When we left Nha Trang, our hearts were heavy. Not because the town is particularly pumpin’ (it isn’t) or because the beach is so beautiful (it really isn’t), but because of the lovely wee lady selling vegan banh mi for 10,000VND/50c a piece.
Check out that big hunk o’ vegan ham!
The finished product — banh-tastic!
How could Da Lat possibly compete with that?
…Well, quite easily, it turns out.
On our first day in Da Lat, we took a long walk. A lot longer than intended, truth be told — directions are not really our thing. Anyway, walking around the outskirts of town, we spotted about these:
Com Chay, Com Chay everywhere!
…about a dozen signs reading ‘Com Chay’ (Vegetarian Restaurant). A couple of them even had banh mi stands outside!
During our 5 day stay, we tried a few and (as is our wont) quickly found a favourite.
Au Lac happened to be a 30 second walk from our hotel, so we tried there first. We ate some great meals here, but took no pictures. So it hardly counts, really! Anyway, it’s not the most tourist friendly place (we kind of stood around awkwardly for awhile before anyone acknowledged us), but the food ain’t bad at all: mixed rice ($1.25 – $1.50), noodle soup ($1), and banh mi curry ($1).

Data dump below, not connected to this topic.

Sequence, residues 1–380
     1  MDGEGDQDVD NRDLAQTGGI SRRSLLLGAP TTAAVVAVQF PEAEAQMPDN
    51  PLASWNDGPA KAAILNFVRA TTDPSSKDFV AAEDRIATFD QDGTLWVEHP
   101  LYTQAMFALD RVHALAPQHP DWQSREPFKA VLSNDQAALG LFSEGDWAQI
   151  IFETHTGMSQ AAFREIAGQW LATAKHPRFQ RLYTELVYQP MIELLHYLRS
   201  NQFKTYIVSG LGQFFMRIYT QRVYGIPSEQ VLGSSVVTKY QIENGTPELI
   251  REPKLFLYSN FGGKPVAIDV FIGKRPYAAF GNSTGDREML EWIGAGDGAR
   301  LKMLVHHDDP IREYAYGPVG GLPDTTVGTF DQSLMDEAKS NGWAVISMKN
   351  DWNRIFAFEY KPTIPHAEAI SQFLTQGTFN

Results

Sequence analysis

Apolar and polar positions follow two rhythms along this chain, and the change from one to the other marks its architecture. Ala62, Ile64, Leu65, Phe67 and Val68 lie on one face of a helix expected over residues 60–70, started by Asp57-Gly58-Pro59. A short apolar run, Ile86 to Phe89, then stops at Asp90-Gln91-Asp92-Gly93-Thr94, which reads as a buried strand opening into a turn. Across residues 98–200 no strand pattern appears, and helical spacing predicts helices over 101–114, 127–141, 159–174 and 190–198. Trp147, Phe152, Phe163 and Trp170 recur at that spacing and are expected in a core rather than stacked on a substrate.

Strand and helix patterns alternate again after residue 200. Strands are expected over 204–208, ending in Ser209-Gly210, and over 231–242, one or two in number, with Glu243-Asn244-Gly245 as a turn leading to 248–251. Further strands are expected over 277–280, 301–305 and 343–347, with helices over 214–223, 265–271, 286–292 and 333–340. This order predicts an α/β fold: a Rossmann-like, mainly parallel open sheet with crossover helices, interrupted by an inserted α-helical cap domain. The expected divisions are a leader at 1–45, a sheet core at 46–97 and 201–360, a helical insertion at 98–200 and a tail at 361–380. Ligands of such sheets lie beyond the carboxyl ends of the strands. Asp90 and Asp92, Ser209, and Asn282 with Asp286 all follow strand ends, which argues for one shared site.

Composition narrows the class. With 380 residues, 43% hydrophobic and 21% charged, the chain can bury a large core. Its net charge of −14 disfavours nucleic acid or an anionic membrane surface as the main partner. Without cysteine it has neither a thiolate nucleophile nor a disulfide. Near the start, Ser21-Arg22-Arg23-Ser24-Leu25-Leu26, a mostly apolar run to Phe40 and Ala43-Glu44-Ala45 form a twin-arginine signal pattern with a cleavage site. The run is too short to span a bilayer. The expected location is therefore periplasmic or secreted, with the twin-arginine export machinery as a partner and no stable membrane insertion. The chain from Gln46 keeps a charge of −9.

Price: $1 – $1.50 per (big!) meal
Best dishes: banh mi curry, mixed rice.
Directions: From the lake, head up Bui Thi Xuan road. Au Lac is about 1km up, on the right.
Next (and best!), Dai Loc. Dai Loc is a little way out of the centre of town, but well worth the 20 minute walk. In fact, even if it only sold fresh spring rolls, it would still be worth it. The rest of the menu is just a bonus. We ate at Dai Loc daily, and whenever we decided to branch out and try something new, we kind of wished we hadn’t.
The best fresh spring rolls in Vietnam. And, I can only assume, the world.
For real, those spring rolls; huge, fresh, and super tasty. Oh, and cheap. This big ol’ pile set us back $1.
A $3 meal! Not pictured: 3 already gobbled spring rolls.
Everything we tried at Dai Loc was great; Ahi was all about the mi cham tha (‘mixed noodle soup’)…
Mi cham ta?
…while I almost always went for the pho ga.
I did branch out once, and tried the mixed rice — a pretty grubbin’ pile of mock meat, tofu, and vegetables on a generous portion of rice. All for $1.
Price: $1 per meal
Our favourites: pho ga ($1), mi cham ta ($1), fresh spring rolls ($1)
Directions: Phan Dinh Phung.
We spotted Hoan Sen early on, but avoided it at first — shiny signs, waiters in uniform? Too fancy for the likes of us, surely. As it turns out, it was only around 50c more than the others. We ate dinner there once (pho and some other noodle soup, both $1.50) and grabbed takeaway banh mi and banh bao (both 50c) for lunch a few times.
Price: $1.50 – $2.00 per meal
Our favourites: banh bao (50c), banh mi (50c)
Directions: Of the bunch, Hoan Sen is the most centrally located.
Dalat had more vegan options than any town we’ve seen in South East Asia. In the end, we found more than a dozen veggie eateries with things like corn milk and fresh stream rolls readily available. The fact that meals were so cheap–often less than a dollar, even, and the rare designation of vegan paradise is truly deserved.